Diverse racial and ethnic groups as well as individuals with disabilities and/or socially, economically, or educationally disadvantaged backgrounds are underrepresented in the field of science, including areas related to drug abuse and addiction research. Hunter College of the City University of New York (CUNY) recognizes that increasing the number of highly qualified scientists in drug abuse and addiction research from these diverse populations is integral to our future growth as an academic and research institution. Our interest in continuing the current success of the DIDARP Program at Hunter emerged from the natural intersection of current DIDARP faculty and new faculty research initiatives as well as the desire of other faculty and students from diverse populations to enter the field of drug abuse research. During this funding cycle, our goal is to expand our drug abuse research infrastructure, solidify our training program, and build on our past successes to further develop our research group into a translational center to understand the contributions of male and female sex in drug abuse and addiction. We have identified specific initiatives for the next 5 years which are built on present research strengths but will expand our scope by means of a plan to develop a comprehensive research and training program that will enhance Hunter's drug abuse research infrastructure. Our goals are to (1) encourage students from diverse populations to pursue drug abuse research careers by providing them with educational enrichment and research experience, (2) provide participating faculty from diverse groups support for their research initiatives and other professional developmental activities, and (3) strengthen the underlying institutional infrastructure and development needed to support drug abuse research.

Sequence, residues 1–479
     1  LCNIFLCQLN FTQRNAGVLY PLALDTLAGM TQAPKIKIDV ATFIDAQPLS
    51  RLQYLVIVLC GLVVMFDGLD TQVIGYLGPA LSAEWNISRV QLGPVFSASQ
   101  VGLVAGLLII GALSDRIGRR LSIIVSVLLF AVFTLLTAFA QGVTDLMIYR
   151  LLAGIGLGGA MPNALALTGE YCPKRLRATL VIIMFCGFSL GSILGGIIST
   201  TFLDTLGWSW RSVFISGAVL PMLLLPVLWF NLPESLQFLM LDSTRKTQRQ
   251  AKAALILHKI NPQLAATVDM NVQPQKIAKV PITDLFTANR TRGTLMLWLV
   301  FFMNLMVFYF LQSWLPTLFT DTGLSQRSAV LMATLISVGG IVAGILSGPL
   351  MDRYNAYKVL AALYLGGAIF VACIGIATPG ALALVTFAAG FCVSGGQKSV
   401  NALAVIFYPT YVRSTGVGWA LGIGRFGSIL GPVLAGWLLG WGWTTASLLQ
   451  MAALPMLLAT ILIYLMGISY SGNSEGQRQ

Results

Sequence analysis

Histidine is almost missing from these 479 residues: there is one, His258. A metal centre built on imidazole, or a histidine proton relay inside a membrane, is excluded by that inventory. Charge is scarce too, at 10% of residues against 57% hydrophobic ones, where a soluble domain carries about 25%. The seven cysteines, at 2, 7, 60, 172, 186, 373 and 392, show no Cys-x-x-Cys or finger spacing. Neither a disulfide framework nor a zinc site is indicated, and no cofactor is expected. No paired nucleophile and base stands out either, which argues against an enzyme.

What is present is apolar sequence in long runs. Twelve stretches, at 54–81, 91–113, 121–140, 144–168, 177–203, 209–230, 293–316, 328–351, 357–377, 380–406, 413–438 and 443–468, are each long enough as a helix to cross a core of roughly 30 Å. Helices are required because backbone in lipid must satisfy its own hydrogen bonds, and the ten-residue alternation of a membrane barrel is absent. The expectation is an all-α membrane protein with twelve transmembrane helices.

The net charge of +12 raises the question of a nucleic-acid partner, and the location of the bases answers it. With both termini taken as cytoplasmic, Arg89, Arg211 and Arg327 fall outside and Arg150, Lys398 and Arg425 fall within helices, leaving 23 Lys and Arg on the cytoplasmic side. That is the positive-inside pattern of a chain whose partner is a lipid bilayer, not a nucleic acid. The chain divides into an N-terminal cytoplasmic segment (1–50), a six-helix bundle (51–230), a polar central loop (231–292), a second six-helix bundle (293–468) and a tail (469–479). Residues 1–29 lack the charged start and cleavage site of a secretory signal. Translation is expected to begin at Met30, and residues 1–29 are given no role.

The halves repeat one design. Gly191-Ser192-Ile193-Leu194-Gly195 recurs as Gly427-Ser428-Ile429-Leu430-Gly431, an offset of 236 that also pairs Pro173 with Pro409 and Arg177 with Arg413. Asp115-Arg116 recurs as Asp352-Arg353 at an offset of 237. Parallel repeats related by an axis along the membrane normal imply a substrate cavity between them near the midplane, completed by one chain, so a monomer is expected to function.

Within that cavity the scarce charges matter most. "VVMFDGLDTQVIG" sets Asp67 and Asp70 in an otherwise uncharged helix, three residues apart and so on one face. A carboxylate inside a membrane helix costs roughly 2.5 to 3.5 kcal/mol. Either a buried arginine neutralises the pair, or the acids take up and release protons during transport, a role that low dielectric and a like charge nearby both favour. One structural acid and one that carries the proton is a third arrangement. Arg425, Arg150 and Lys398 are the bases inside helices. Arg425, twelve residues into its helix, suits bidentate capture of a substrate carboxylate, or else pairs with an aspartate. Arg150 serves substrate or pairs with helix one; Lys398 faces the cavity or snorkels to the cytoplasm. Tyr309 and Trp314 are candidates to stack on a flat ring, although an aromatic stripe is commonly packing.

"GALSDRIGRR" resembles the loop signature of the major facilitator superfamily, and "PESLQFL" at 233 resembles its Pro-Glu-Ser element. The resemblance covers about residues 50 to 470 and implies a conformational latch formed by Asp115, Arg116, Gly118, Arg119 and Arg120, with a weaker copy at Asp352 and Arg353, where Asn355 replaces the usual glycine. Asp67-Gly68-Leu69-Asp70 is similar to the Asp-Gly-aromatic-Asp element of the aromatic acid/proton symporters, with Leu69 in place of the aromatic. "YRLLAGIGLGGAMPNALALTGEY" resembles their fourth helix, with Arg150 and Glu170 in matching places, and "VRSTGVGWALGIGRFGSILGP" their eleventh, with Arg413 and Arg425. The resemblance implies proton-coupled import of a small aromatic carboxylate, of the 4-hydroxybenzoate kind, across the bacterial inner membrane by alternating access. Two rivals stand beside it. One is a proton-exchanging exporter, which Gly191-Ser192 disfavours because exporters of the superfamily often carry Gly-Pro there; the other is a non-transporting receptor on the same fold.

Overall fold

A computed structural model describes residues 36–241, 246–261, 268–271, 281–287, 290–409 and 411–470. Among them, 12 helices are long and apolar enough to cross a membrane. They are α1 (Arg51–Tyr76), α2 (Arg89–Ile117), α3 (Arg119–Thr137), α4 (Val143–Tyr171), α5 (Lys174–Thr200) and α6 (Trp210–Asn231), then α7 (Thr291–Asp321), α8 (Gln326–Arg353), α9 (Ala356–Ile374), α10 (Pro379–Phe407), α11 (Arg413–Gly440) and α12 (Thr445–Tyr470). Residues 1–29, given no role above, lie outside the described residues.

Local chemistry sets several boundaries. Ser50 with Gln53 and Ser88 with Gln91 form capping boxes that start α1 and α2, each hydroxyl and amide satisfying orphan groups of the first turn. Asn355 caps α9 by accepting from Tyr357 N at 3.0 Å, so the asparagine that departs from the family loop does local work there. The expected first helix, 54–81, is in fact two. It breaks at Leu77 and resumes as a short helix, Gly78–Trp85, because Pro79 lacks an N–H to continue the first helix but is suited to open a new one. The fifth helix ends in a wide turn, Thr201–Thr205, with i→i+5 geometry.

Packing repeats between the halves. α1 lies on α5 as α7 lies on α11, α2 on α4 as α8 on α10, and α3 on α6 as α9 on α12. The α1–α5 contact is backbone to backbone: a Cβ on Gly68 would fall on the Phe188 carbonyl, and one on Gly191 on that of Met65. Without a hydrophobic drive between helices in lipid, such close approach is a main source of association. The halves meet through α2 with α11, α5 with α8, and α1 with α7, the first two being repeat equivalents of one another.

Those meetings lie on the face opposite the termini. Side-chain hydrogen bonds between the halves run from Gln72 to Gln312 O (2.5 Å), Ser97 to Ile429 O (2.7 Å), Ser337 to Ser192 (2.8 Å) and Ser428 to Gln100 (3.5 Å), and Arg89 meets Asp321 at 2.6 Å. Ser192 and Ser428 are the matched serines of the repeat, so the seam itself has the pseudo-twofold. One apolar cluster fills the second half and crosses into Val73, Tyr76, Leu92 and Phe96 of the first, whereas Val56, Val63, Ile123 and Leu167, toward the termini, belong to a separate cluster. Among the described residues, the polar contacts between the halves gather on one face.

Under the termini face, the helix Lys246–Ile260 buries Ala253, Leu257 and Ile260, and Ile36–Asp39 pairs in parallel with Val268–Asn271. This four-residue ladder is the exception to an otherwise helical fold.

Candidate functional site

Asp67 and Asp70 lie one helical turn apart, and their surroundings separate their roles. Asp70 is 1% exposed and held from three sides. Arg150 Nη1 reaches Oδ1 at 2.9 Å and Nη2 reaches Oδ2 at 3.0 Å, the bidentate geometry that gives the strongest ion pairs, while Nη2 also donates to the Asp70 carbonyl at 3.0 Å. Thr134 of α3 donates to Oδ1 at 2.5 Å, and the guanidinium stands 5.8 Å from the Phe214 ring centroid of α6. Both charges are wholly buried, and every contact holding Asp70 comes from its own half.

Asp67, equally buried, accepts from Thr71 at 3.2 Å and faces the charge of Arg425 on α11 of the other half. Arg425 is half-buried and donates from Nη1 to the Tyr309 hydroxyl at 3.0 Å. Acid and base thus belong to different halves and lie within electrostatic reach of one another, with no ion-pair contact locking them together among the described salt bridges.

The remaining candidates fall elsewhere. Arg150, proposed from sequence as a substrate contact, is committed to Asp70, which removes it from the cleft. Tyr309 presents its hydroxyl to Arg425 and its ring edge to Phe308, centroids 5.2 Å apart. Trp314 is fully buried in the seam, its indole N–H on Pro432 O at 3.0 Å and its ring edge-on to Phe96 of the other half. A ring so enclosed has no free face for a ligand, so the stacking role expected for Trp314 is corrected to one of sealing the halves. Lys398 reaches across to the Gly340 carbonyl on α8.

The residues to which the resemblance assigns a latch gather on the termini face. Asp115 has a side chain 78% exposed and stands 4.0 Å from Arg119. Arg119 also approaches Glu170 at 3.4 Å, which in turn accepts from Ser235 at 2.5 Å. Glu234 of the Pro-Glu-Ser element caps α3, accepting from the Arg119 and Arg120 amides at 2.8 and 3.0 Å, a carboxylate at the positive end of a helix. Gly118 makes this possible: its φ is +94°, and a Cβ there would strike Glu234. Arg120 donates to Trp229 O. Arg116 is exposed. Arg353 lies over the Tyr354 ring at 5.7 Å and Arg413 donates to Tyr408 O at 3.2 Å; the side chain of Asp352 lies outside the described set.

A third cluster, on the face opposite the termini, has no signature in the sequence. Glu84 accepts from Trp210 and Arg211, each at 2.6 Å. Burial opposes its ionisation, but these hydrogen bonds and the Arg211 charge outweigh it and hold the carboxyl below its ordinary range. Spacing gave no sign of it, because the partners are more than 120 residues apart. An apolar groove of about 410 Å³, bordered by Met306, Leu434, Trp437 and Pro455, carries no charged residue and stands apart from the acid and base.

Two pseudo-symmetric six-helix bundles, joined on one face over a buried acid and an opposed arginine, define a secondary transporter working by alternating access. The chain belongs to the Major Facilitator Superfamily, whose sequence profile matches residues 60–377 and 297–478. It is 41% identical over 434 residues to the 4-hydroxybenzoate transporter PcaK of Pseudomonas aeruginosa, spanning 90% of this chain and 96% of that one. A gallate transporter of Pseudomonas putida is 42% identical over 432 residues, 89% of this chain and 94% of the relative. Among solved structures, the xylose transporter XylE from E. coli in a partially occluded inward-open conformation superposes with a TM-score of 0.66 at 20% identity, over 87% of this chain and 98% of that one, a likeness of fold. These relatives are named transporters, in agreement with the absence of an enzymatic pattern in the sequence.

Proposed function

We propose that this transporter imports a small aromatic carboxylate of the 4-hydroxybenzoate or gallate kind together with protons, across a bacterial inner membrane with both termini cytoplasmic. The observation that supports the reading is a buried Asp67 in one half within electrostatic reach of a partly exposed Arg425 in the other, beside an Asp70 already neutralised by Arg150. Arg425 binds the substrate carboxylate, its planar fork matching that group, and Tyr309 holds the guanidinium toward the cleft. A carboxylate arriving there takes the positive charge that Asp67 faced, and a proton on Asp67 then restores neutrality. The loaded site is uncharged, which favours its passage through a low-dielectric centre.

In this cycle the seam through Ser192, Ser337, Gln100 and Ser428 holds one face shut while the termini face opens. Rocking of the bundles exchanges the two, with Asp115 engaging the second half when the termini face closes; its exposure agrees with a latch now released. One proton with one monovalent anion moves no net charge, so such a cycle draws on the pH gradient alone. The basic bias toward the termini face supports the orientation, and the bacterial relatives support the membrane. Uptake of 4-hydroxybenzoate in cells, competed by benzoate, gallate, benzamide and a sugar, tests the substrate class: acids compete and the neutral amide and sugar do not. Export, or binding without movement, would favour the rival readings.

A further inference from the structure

The overall goal of DIDARP at Hunter is to increase our drug abuse and addiction research capacity by fostering the research career development of our diverse student population, provide faculty developmental and enrichment experiences to build up their research in drug abuse and strengthen the underlying Hunter's infrastructure needed to support drug abuse research.
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